US 5700205 A
A system measures and records deflection of an elongated shaft such as the shaft of a golf club and provides a trace or diagram of the swing of the club. The system includes an elongated rod, mounted to the golf club shaft, and a separate recording system. Preferably the recording system is a writing platform mounted to the golf club shaft. The recording member is biased into contact with the writing platform. During swing of the golf club, deflection of the golf club shaft causes relative movement between the writing implement and the writing platform and a trace or diagram of the golf club swing is created.
1. Apparatus for recording deflection of a golf club shaft having a first axis, comprising:
deflection detecting means adapted to be mounted to said golf club shaft and to provide outputs indicative of the deflection of said golf club shaft during a golf club swing, including a back swing and a forward swing; and
recording means adapted to be mounted to said golf club shaft and positioned to receive an input from said deflection detecting means indicative of the deflection of said golf club shaft during a golf club swing, including a back swing and a forward swing; and
mean for biasing said deflection detecting means into contact with said recording means.
2. The invention of claim 1 wherein said deflection detection means includes an elongated rod.
3. The invention of claim 1 wherein said deflection detection means includes means for amplifying the deflection of the golf club shaft.
4. The invention of claim 1 wherein said deflection detection means includes means for amplifying the deflection of the golf club shaft and an elongated rod adapted to be mounted to said golf club shaft substantially parallel to said golf club shaft.
5. The invention of claim 1 wherein said deflection detection means has a rod, and wherein the rod has an axis aligned at an acute angle relative to the first axis of said golf club shaft when attached thereto.
6. The invention of claim 1 wherein said recording means includes a writing platform.
7. The invention of claim 1 wherein said deflection detection means is positioned parallel relative to said golf club shaft when attached thereto.
8. The invention of claim 1 wherein said deflection detection means includes means for limiting the movement of said deflection means in response to vibrations caused by impact of the golf club head.
9. The invention of claim 1 wherein said deflection detection means includes a writing implement.
10. The invention of claim 1 wherein the deflection detecting means produces an output indicative of the deflection of said golf club shaft in at least two planes.
11. The invention of claim 1 wherein said deflection detection means provides an output indicative of the deflection of the golf club shaft through an entire swing.
12. An apparatus for recording deflection of a sports equipment shaft, comprising:
deflection detecting means adapted to be mounted relative to said shaft and to provide outputs indicative of the deflection of said shaft during shaft movement; and means for biasing said detecting means into contact with said recording means;
recording means adapted to be mounted relative to said shaft and positioned to receive the outputs from said deflection detecting means and to record a pattern indicative of said shaft movement.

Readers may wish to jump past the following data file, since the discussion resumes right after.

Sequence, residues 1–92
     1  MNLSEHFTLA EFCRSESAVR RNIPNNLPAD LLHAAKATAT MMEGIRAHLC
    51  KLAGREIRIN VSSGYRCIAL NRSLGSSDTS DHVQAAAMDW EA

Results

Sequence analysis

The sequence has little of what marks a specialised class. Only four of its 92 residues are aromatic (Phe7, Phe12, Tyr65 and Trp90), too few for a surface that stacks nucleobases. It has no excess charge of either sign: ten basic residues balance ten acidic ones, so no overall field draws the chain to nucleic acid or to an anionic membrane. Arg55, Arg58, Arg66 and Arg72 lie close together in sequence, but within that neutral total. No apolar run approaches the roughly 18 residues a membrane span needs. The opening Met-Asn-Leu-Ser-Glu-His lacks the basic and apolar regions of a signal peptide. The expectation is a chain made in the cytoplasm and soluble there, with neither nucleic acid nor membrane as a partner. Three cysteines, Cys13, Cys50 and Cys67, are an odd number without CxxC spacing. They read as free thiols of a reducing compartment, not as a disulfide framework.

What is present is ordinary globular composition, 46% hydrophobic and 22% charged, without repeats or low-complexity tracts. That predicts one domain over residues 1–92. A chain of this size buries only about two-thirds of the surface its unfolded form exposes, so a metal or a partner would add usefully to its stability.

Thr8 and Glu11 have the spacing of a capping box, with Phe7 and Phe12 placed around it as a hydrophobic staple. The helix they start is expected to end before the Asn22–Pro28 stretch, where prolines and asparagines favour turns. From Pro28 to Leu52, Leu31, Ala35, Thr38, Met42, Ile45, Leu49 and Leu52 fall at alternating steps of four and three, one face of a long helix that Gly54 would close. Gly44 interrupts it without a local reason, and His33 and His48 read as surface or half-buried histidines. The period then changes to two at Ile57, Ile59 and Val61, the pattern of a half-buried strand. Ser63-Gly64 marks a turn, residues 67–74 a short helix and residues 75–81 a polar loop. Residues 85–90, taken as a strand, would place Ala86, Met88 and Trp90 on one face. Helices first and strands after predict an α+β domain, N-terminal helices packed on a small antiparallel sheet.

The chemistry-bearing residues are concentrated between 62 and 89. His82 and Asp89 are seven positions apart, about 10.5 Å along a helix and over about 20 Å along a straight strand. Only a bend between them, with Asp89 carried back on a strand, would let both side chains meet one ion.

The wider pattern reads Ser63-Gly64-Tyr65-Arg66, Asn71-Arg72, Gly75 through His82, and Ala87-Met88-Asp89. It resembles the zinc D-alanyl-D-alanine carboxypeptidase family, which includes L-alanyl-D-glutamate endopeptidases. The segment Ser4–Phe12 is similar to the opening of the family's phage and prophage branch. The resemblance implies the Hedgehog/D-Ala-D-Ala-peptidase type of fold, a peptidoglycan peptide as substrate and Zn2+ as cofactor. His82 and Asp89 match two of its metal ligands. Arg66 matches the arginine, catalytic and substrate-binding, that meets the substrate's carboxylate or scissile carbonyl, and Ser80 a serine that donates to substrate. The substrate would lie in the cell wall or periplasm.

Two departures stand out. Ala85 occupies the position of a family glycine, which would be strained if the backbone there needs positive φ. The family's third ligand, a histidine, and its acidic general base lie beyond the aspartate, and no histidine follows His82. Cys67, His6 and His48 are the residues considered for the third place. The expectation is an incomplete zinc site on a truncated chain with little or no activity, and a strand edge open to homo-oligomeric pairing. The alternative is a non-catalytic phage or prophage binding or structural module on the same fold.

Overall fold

13. The invention of claim 12 wherein said shaft movement occurs in at least two planes.
14. The invention of claim 12 wherein said sports equipment is a golf club.
This invention relates to sports training systems, and more particularly, to a sports training system which provides a permanent record for the user. The present system has particular utility in recording deflection of a shaft such as a golf club or a racquet of the type used for tennis, racquet ball, or squash. For simplicity, the invention will be described in the context of a sports training system for golf but this explanation should not be taken as a limitation on the present invention.
In swinging a golf club, it is important to have a swing which is consistent since measures can be taken to compensate for a "consistent" swing even if the swing is not a "perfect" swing.
There are numerous sports training devices, usable for monitoring golf club swings, which are described in the patent literature. Examples are U.S. Pat. Nos. 2,995,376, to Leo; 3,270,564, to Evans; 4,509,757, to Yuhara; 4,854,585 to Koch et al; 5,082,283, to Conley et al; 5,168,151, to Conley; 5,277,428, to Goodwin; and 5,435,561 to Conley. The disclosures of each of these patents are hereby incorporated by reference.
There is also at least one golf swing training aid on the market called the Medicus Club but this training device provides only information to the extent that the golf swing is left-or-right of the center line of the swing, when viewed from a position perpendicular to the golfer. Thus the Medicus Club device does not provide a record of a complete swing.
It is thus apparent that there is a need for a different type of sports training aid, usable for example in connection with golf clubs, which provides a complete "picture" of the complete golf swing.
The present invention accomplishes these and other objectives by providing a system for recording the deflection of an elongated shaft, such as the shaft of a golf club. The present system includes a data input means, which determines, measures, or otherwise provides an indication of the deflection of the club shaft and a recording means to receive input from the data input means and record the shaft deflection.